Reuters: Iran is ready to set up a joint firm with Russia and Qatar but has no plans to export Iranian gas to Qatari plants so that it could be turned into liquefied natural gas (LNG), IRNA news agency reported on Tuesday.
TEHRAN, Nov 18 (Reuters) – Iran is ready to set up a joint firm with Russia and Qatar but has no plans to export Iranian gas to Qatari plants so that it could be turned into liquefied natural gas (LNG), IRNA news agency reported on Tuesday.
Russia, Iran and Qatar — respectively ranked first, second and third in the world in terms of gas reserves — agreed to boost coordination at a meeting in Tehran last month, and this month held a follow up meeting in Doha.
Russian gas monopoly Gazprom said in a statement when the Doha meeting took place that the three could team up to develop Iran's South Pars gas field, a vast reserve of gas of which the southern part is in Qatari territory.
Russian business daily Kommersant reported that Gazprom, Qatar Liquefied Gas Company Ltd and National Iranian Oil Company may agree to build a pipeline from South Pars to Qatar, where gas will be liquefied.
"There is agreement on setting up of a joint company which would be able to develop work in the three countries or any other world spot. But to have Iran's gas go to Qatar and be changed to LNG there, we do not accept that by any means," Iranian Oil Minister Gholamhossein Nozari was quoted as saying.
Despite its huge gas reserves, Iran has been slow to develop exports. Industry experts say U.S. sanctions, in particular, have hindered Iran's access to technology need to build LNG plants, although Tehran has several plans for such plants.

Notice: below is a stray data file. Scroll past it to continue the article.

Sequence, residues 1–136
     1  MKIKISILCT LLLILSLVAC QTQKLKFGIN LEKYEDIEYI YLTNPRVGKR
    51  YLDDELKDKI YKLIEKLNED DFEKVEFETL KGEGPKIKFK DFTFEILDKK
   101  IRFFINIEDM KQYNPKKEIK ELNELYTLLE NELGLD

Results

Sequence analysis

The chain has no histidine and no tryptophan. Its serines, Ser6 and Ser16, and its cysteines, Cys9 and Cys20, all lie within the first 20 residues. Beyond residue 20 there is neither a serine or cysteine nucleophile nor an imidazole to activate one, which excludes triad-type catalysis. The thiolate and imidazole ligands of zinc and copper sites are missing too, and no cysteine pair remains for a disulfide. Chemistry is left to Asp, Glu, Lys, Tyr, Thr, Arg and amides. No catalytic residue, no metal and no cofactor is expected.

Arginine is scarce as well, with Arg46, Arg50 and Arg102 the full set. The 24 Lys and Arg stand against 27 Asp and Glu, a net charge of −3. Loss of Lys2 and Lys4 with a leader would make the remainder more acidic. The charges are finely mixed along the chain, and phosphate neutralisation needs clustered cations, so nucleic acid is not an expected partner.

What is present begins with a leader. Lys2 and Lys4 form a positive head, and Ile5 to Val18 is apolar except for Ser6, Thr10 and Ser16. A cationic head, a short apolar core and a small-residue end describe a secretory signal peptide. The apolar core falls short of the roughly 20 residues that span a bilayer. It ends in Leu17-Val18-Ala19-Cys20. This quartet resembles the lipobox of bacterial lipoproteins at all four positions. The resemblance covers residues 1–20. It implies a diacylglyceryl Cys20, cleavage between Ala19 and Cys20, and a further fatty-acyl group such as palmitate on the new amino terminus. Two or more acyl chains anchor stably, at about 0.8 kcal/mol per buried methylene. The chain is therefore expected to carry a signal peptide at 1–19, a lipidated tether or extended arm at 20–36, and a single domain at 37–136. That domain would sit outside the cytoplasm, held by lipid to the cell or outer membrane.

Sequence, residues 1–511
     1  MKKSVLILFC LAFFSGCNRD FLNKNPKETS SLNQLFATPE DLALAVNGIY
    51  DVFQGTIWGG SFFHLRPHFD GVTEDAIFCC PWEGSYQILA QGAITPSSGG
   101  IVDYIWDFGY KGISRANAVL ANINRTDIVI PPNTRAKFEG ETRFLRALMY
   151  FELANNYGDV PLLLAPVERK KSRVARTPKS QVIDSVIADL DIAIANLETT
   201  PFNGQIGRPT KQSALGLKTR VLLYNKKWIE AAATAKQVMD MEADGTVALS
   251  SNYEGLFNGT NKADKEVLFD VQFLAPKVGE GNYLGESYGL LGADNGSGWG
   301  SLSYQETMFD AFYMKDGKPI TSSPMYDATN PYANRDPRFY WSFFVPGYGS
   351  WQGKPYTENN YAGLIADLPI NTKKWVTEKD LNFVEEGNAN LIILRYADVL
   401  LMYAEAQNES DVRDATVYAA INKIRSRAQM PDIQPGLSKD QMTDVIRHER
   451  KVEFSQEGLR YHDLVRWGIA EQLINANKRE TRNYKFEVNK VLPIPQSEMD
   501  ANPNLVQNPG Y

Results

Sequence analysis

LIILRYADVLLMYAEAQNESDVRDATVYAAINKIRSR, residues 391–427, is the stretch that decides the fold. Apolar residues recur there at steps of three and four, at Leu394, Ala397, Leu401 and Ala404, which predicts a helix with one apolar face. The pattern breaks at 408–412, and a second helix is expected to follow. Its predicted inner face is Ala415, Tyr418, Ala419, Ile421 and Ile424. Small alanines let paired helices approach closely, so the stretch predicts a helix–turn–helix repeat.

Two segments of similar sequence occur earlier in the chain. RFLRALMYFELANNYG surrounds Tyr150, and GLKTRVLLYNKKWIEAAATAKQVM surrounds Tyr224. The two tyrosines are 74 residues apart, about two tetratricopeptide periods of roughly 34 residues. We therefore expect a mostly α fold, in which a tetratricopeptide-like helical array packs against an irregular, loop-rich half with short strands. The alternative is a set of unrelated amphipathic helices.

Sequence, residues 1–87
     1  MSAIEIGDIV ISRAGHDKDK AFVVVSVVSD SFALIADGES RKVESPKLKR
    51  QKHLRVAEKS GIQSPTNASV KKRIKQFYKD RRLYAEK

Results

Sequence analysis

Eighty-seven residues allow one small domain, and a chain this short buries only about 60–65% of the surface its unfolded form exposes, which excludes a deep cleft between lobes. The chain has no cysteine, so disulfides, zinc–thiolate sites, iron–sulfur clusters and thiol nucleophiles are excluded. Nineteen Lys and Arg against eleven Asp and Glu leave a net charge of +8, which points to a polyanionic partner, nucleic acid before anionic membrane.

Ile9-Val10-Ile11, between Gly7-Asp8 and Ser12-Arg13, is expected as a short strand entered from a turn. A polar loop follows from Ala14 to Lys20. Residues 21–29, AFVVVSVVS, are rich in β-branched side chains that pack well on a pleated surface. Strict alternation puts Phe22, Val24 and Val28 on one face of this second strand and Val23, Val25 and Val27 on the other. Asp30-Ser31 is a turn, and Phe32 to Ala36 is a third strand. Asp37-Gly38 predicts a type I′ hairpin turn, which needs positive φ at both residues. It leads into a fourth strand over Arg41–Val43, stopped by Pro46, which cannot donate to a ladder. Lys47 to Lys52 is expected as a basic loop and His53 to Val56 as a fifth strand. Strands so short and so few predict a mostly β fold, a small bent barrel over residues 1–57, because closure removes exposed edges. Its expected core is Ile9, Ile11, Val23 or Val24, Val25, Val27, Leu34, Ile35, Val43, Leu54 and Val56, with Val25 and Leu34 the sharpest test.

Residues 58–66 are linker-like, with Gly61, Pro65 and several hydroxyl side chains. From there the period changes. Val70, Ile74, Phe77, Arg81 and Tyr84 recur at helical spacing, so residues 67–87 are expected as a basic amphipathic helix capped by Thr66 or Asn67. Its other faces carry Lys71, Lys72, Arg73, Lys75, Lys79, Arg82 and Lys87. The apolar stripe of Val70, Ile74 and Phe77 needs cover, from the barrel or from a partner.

"The Islamic Republic agrees to the two countries, Qatar and Russia, investing in South Pars and the production of gas to be done on partnership basis in Iran," the minister said.
Some analysts have cast doubt on either Russia or Qatar investing heavily in Iran, saying such talk could well be political posturing.
Iran had said last month that three states had reached consensus on setting up a gas version of OPEC. Russia described the group as a "big gas troika."
Analysts say a gas body would not be able to turn gas taps on and off as OPEC does with oil, but it could share insights on upstream contract terms when it deals with gas investors.
Gas consumers like the United States and European states have opposed the formation of any gas body like OPEC, arguing that the market should set prices. (Reporting by Hashem Kalantari; writing by Edmund Blair)